Chasing Me To My Grave: A Special Evening at Weston Town Hall Jan 18
On Wednesday, January 18 at 7 pm, please join your friends and neighbors for a special evening of discussion of the Pulitzer Prize-winning memoir Chasing Me to My Grave: An Artist’s Memoir of the Jim Crow South by Winfred Rembert. The discussion will be led by Mr. Rembert’s daughter Lillian Rembert, as well. as the co-author of Chasing Me to My Grave, Erin I. Kelly. Mr. Rembert passed away in 2021.
Winfred Rembert (1945-2021) grew up in Cuthbert, Georgia, where he picked cotton as a child and later got involved in the civil rights movement. He was arrested in the aftermath of a demonstration, broke out of jail, and survived a near-lynching, He would spend seven years in prison, and was forced to labor on chain gangs.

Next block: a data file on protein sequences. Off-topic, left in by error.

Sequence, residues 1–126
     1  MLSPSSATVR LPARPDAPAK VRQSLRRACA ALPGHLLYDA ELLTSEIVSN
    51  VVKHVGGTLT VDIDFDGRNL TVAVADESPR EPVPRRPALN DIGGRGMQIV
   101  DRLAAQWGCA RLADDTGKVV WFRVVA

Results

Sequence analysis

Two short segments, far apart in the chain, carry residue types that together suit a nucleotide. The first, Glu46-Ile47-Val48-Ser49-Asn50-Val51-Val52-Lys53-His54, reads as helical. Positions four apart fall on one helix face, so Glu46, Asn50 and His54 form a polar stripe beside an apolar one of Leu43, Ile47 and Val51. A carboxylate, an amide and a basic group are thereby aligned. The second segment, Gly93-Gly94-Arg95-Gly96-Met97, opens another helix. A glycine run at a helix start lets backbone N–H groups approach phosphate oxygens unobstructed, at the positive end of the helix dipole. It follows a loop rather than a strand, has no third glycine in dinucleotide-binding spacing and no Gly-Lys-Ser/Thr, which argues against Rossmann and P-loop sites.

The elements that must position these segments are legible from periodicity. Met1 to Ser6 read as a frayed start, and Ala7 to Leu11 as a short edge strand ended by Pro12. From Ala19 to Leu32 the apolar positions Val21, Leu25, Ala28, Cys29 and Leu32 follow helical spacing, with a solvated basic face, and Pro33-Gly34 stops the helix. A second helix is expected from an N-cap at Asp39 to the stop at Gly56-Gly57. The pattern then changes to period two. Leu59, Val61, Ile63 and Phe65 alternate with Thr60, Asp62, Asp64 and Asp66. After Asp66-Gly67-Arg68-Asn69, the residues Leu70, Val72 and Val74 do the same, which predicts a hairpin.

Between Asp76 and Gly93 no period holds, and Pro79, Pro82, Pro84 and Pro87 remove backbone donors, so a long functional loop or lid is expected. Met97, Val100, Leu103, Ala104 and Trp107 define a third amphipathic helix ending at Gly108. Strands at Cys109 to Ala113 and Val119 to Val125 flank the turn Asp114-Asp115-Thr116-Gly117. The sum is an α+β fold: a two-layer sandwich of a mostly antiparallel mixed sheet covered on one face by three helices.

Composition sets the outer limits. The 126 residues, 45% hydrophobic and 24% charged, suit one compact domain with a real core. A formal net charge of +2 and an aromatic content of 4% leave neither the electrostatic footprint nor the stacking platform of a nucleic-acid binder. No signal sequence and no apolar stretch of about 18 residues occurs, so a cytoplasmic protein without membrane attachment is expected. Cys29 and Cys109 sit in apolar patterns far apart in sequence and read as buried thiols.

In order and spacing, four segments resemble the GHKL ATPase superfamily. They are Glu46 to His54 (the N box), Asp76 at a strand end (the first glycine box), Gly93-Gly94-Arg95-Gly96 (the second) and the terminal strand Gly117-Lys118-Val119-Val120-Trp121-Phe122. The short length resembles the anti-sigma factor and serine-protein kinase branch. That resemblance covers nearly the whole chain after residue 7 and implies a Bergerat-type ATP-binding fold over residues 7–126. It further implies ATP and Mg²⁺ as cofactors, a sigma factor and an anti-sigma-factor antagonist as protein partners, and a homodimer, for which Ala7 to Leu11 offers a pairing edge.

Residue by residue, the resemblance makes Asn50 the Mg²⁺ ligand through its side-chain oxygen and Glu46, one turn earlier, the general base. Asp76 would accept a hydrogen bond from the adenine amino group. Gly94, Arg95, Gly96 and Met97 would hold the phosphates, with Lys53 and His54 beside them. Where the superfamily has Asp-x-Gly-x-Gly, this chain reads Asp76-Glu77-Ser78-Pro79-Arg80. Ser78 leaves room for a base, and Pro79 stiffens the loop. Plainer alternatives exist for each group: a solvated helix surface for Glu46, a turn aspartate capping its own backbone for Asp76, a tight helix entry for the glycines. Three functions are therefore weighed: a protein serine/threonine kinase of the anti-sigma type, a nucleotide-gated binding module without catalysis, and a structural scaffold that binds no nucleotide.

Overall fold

Following his release, in 1974, he married Patsy, and they eventually settled in New Haven, Connecticut. At the age of fifty-one, with Patsy’s encouragement, he began carving and. painting memories from his youth onto leather, using leather-tooling skills he had learned in prison. His paintings on carved and tooled leather have been exhibited at museums and galleries across the country and compared to the work of Jacob Lawrence, Romare Beardon, and Horace
Pippin. Rembert was honored by the Equal Justice Initiative in 2015 and awarded a United States Artists Barr Fellowship in 2016.
Lillian Rembert is Winfred Rembert’s daughter. She lives in New Haven, CT. Erin I. Kelly is Professor of Philosophy at Tufts University and co-author of Chasing Me to My Grave, which was published in 2021. She is also the author of The
Limits of Blame: Rethinking Punishment and Responsibility. She writes and speaks about ethics and social justice, especially in connection with criminal law.
This even is offered collaboratively by the Weston Public Library, Weston Art & Innovation Center, and Weston Council on Aging. Funding is provided by the Friends of the Weston Public Library.